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U.S. Bishops Blast Including Abortion in Law Intended to Support Pregnant Women

A pregnant woman is seen outside the U.S. Supreme Court in Washington in this 2016 file photo. (Photo: Tyler Orsburn/CNS)

PROSPECT HEIGHTS — Proposed regulations from the Biden administration to implement a piece of legislation designed to enhance workplace protections for pregnant women has drawn the ire of the U.S. bishops, as they charge the regulations could contain language to advance abortion.

Passed by the U.S. Senate late last year and by the U.S. House in 2021, the bipartisan “Pregnant Workers Fairness Act” requires employers to provide accommodations to qualified workers for pregnancy, childbirth, or related medical conditions. Examples of accommodations include: Receiving closer parking, flexible hours, additional break time, and excusals from strenuous activities.

As passed, the Pregnant Workers Fairness Act doesn’t include anything related to abortion. However, on Aug. 7, the Equal Employment Opportunity Commission (EEOC) released proposed regulations for implementing the legislation that adds abortion as a reasonable accommodation.

“We supported the bipartisan Pregnant Workers Fairness Act because it enhanced the protection of pregnant mothers and their pre-born children, which is something that we have encouraged Congress to prioritize,” Bishop Michael Burbidge of Arlington said in an Aug. 8 statement.

“The Act is pro-worker, pro-family, and pro-life,” added Bishop Burbidge, who is chair of the U.S. Bishops’ Conference Committee on Pro-Life Activities. “It is a total distortion to use this law as a means for advancing abortion, and the complete opposite of needed assistance for pregnant mothers.”

As for how abortion was added, the procedure is incorporated as part of the definition of a “related medical condition” which must be covered by employers. In essence, the EEOC didn’t change the basic requirements of the legislation, but rather expanded the measures it entails.

The core of the legislation states that it “requires a covered entity to provide reasonable accommodation for a known limitation of a qualified employee or applicant related to pregnancy, childbirth, or related medical conditions …”

In the regulations, abortion is included as a “related medical condition.” Specifically, the EEOC proposal states: “‘Related medical conditions’ are medical conditions which relate to, are affected by, or arise out of pregnancy or childbirth, as applied to the specific employee or applicant in question, including, but not limited to, termination of pregnancy, including via miscarriage, stillbirth, or abortion; infertility; fertility treatment …”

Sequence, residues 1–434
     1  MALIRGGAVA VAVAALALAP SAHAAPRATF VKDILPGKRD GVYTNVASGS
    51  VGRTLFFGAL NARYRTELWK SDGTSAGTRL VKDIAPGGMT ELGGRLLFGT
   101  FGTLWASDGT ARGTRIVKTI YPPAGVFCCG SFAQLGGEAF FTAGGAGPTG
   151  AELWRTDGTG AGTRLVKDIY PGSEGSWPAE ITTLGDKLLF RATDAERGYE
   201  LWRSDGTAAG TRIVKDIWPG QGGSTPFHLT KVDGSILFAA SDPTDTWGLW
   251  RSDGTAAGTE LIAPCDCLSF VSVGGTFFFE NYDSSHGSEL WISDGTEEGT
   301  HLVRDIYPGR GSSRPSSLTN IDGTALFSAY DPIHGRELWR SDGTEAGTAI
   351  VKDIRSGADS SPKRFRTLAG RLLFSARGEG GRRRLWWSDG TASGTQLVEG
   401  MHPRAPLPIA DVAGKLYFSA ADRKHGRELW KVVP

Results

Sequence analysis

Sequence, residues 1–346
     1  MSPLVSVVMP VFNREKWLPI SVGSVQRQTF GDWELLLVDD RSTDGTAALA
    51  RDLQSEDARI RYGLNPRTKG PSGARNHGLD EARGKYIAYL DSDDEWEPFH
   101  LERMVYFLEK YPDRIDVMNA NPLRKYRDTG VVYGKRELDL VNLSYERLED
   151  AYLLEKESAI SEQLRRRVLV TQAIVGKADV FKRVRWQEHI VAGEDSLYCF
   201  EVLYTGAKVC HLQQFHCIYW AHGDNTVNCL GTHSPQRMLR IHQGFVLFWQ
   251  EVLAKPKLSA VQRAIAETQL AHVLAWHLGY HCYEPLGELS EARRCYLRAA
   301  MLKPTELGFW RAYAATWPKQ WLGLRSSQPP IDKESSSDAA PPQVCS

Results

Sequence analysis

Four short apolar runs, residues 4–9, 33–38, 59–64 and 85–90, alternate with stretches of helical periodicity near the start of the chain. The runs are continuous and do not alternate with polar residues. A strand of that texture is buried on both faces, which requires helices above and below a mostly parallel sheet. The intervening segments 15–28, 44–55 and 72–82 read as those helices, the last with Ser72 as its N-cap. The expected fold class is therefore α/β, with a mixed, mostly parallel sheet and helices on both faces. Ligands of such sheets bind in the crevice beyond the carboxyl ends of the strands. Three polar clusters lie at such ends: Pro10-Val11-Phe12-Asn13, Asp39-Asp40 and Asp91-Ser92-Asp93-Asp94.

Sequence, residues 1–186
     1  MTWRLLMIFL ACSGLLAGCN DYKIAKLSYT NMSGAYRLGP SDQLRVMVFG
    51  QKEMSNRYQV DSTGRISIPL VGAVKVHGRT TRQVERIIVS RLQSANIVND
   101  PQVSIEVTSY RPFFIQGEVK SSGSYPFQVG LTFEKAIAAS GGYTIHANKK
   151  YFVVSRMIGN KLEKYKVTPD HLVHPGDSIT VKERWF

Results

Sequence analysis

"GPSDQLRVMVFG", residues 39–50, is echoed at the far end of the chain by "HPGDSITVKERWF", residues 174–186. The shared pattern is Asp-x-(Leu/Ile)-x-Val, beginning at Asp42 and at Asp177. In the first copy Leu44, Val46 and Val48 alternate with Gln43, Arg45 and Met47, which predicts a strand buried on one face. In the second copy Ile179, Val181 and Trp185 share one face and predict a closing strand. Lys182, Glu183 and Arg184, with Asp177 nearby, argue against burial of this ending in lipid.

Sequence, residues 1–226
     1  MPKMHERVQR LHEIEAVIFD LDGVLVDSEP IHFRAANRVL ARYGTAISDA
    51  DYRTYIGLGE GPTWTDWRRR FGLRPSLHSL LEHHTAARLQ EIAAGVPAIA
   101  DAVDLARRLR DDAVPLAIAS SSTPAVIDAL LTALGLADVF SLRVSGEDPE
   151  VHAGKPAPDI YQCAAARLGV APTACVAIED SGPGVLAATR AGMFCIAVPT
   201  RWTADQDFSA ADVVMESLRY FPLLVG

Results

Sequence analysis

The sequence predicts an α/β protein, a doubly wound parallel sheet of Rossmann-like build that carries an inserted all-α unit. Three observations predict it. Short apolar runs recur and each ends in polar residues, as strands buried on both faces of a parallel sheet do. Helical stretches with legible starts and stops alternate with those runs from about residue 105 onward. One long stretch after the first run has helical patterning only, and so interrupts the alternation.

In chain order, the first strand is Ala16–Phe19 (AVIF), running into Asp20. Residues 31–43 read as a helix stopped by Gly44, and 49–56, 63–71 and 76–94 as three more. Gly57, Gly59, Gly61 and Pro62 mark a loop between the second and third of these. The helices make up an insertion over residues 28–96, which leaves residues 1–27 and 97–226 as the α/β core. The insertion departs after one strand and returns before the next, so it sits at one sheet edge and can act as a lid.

In a statement to The Tablet, a spokesperson for the EEOC defended the language, highlighting that the agency has “consistently interpreted the term ‘pregnancy, childbirth, or related medical conditions’ in Title VII to include the decision to have or not to have an abortion.”

The reference was to Title VII of the 1964 Civil Rights Act, which, among other things, makes it illegal for an employer to discriminate on the basis of sex. That provision has been interpreted to include pregnancy, childbirth, and related conditions, sexual orientation, and gender identity.

The EEOC spokesperson said the new legislation doesn’t require an employer-sponsored health plan to cover any particular item, procedure, or treatment, including abortion, and the worker doesn’t have to claim abortion as a reasonable accommodation, either.

The proposed regulations will be posted by the Federal Register Aug. 11, and will be open to public comment for a period of 60 days. The EEOC spokesperson said they “encourage the public to provide meaningful feedback about how the proposal would impact workplaces and ways to assist employers and workers in understanding the law.”

Bishop Burbidge argued that adding the abortion accommodations goes against the purpose of the legislation.

“The [EEOC’s] proposed interpretation of the Pregnant Workers Fairness Act to include accommodations for obtaining an abortion is wrong and contrary to the text, legislative history, and purpose of the Act, which is to help make it possible for working mothers to remain gainfully employed, if desired, while protecting their health and that of their preborn children,” Bishop Burbidge said.

“We are hopeful that the EEOC will be forced to abandon its untenable position when public comments submitted on this regulation demonstrate that its interpretation would be struck down in court,” he added.

The legislation’s sponsor, Sen. Robert Casey, a Pennsylvania Democrat, declined a request for comment, as did the White House.

Sen. Bill Casidy, a Louisiana Republican and lead Republican sponsor of the bill, said in an Aug. 8 statement that the “Biden administration has gone rogue” with the proposal, adding that the regulations “completely disregard legislative intent and attempt to rewrite the law by regulation.

“The Biden administration has to enforce the law as passed by Congress, not how they wish it was passed,” Cassidy said. “The Pregnant Workers Fairness Act is aimed at assisting pregnant mothers who remain in the workforce by choice or necessity as they bring their child to term and recover after childbirth. The decision to disregard the legislative process to inject a political abortion agenda is illegal and deeply concerning.”